So I did not come here to talk about any of this, but I just felt compelled to mention these things.
Let me pivot, if I can, and just take 5 minutes to talk about small business. Mark Zandi is an economist, a smart one too. He started something called moodyseconomy.com. He comes and speaks to not just our caucuses, Democrats in the Senate, but he was, during the Presidential campaign in 2008, an economic adviser to John McCain, very well respected. He just calls them like he sees them, calls them like he sees them.
We asked him earlier this year: Well, why are we not seeing--even though job loss is way down, where 18 months ago we lost 700,000 jobs a month, last month we actually gained 50,000 or 60,000 jobs or so. I think that is about what we are averaging for the first part of this year. We want to do better than that. It is not like losing 700,000 jobs a month. So we have made improvements.
But we asked him: Dr. Zandi, why aren't big businesses hiring?
He said: Uncertainty. Businesses like certainty. There is too much uncertainty. He said this earlier this year. There is uncertainty about what, if anything, you all are going to do about health care; drive down costs, better outcomes, drive them down. What are you going to do about financial regulatory reform, Wall Street? What are you going to do about deficit reduction? What are you going to do about climate change, global warming, energy policy?
What are you going to do about transportation policy? What are you going to do about a variety of things but those major things I have just mentioned.
Dr. Zandi's counsel is: You want big companies to start hiring? They are making money. You want them to start hiring people? Address the uncertainties.
So we have addressed the uncertainty with health care, not to everyone's satisfaction, but it does a lot more good than bad. We have addressed the uncertainties with respect to financial regulatory reform. I think it does more good than bad. Not everyone shares that view, but I think it does. We are trying to address with our legislation today and this week, this month, next month, something called tax extenders; a lot of tax cuts, tax credits that expired at the beginning of this year, such as the R&D tax credit and biodiesel tax credit. A bunch of them are expired and have been expired for 7 months. We need to provide some certainty so that businesses and families know what to plan for and do.
We need to provide some certainty so businesses and families know what to plan for and do. Mark Zandi said those are the concerns for big businesses that want to start hiring, to address the uncertainty, and to provide predictability and certainty.
We said: How about small businesses?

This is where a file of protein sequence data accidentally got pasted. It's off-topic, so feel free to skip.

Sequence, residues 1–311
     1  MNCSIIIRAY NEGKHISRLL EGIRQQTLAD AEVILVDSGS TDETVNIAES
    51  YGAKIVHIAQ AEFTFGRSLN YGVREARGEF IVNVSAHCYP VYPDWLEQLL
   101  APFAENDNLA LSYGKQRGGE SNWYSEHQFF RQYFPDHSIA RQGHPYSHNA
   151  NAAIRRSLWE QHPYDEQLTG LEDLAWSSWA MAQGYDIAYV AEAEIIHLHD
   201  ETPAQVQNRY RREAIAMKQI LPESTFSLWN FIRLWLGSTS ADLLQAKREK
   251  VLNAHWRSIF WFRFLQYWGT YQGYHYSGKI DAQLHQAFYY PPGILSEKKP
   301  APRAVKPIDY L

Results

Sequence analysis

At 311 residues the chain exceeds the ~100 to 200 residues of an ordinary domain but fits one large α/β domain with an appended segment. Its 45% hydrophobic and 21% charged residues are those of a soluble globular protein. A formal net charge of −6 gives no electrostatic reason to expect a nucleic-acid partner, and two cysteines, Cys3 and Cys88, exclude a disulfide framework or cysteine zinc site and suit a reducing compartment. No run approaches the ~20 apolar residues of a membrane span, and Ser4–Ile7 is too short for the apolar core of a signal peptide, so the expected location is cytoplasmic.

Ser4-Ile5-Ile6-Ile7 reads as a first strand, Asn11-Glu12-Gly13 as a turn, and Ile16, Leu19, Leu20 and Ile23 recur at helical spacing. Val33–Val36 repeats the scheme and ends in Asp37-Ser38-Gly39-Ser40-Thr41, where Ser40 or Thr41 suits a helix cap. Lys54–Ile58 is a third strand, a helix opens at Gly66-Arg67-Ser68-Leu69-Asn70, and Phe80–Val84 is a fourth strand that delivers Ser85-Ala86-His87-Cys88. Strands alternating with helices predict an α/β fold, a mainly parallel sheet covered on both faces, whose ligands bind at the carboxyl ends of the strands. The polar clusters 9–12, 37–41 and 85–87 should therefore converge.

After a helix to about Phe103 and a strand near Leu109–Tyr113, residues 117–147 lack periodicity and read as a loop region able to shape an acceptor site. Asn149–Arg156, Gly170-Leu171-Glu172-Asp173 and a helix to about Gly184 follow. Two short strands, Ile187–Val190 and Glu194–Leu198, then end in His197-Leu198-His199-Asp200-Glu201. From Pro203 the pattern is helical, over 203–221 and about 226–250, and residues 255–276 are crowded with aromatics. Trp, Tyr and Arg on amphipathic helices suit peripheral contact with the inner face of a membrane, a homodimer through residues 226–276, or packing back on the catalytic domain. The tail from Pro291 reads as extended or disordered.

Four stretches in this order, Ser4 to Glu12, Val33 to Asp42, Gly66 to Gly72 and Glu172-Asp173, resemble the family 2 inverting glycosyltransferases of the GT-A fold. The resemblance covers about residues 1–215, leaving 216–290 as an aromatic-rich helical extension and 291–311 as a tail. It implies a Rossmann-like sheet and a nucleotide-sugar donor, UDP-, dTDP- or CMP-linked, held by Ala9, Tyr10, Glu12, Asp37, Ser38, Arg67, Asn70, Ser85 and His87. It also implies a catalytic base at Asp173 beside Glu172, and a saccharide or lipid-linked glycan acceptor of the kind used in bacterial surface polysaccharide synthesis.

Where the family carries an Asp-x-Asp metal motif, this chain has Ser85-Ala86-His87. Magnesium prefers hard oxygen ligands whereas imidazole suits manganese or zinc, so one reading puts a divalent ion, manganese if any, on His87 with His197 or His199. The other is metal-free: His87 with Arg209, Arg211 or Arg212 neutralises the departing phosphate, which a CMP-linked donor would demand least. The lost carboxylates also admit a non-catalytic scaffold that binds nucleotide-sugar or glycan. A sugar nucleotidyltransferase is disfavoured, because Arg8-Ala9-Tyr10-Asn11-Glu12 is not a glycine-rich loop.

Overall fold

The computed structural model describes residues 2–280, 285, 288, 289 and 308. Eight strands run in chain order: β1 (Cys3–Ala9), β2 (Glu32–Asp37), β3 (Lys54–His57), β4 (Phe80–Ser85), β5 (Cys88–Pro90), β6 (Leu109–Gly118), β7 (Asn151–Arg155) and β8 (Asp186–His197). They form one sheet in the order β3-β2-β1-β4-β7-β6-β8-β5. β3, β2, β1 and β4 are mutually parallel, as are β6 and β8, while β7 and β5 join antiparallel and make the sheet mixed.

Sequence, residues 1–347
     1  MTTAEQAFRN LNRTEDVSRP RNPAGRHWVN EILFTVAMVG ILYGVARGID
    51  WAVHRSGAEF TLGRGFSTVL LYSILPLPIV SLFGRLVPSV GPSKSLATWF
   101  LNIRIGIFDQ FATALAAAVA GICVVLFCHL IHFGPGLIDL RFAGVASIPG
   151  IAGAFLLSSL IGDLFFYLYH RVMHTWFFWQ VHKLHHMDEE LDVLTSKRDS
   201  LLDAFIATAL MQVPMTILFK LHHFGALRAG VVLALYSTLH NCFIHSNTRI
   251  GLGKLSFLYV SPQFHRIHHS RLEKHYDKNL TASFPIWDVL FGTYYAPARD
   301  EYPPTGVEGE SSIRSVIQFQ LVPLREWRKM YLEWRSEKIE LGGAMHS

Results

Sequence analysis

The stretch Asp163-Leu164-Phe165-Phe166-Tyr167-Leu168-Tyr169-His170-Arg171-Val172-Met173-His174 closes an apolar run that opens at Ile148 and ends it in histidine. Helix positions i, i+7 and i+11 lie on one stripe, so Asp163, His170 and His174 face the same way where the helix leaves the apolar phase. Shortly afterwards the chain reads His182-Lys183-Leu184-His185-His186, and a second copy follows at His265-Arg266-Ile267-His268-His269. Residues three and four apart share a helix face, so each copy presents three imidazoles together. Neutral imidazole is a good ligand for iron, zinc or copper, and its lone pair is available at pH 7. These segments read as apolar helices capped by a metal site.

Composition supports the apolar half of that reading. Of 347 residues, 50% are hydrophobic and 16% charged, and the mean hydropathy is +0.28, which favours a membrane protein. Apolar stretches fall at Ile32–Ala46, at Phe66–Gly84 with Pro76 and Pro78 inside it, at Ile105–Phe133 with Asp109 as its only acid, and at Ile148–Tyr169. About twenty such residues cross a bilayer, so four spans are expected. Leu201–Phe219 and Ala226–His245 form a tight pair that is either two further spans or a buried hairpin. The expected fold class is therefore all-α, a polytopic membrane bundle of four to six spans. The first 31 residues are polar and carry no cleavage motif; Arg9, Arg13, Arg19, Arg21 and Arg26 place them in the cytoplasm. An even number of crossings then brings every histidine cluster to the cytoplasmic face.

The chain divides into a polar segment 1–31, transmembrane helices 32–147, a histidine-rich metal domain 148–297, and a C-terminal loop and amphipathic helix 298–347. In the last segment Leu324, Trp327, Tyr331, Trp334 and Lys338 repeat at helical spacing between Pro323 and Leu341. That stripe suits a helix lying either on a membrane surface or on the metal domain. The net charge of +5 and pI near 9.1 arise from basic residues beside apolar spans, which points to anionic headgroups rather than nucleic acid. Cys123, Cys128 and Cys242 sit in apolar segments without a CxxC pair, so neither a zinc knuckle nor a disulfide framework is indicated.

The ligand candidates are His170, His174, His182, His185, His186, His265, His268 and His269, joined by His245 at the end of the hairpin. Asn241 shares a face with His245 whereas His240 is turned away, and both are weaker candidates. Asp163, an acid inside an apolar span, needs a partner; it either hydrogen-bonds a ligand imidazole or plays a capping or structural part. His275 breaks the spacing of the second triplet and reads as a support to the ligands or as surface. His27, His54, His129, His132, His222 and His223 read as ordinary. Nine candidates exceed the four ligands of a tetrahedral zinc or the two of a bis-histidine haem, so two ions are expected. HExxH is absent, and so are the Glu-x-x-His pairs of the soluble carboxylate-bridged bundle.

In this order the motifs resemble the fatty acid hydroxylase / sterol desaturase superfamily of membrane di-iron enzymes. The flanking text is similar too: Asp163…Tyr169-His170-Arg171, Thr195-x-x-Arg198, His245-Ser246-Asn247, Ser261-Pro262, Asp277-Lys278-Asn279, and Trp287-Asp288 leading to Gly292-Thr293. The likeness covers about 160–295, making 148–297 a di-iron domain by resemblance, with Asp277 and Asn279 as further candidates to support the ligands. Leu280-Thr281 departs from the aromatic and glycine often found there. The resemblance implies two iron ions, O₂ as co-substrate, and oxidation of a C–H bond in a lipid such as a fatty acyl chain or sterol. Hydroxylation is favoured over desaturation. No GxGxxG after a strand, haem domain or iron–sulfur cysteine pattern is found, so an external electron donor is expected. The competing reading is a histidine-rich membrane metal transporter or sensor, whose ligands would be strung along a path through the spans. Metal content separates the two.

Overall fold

He said: Unlike big businesses--a lot of big businesses are reporting pretty big earnings levels--a lot of small businesses are not doing so well. One of the things that small businesses need is better access to capital. They need to be able to borrow money and raise money, whether they want to buy or rent a building, buy new equipment for their building, whether they want to buy transportation equipment, trucks or whatever, forklifts, whether they just need money for working capital. Small businesses need access to capital.
There is not a perfect solution for that problem, but that is a big problem for small businesses, and access to capital is not the solution for every small business, but it is for a number.
The legislation before us seeks to address that need for small businesses. I will take a moment and read through a couple items in the legislation that commend it to the Senate and to our acting on it soon.
This bill has about $12 billion in tax incentives to help boost investment in small businesses and promote entrepreneurship. The bill eliminates the capital gains tax on small business stocks for people who purchase these stocks this year and hold them for 5 years. This legislation will encourage more people to invest in small businesses and will help give these businesses the capital they need to grow and create new jobs. The legislation also allows more small businesses an immediate tax write-off. We call this expensing for upgrades in their buildings and equipment. If they buy a building, a business, they usually have to depreciate it over a period of years. This legislation allows small businesses that make a capital expenditure, whether it is a building or equipment, to write it off in the first year. That is a great incentive to making major investments. This kind of tax break will encourage businesses to purchase everything from new software and computers to buildings, new roofs, windows, and vehicles. At the same time, it will encourage hiring in industries that sell those products.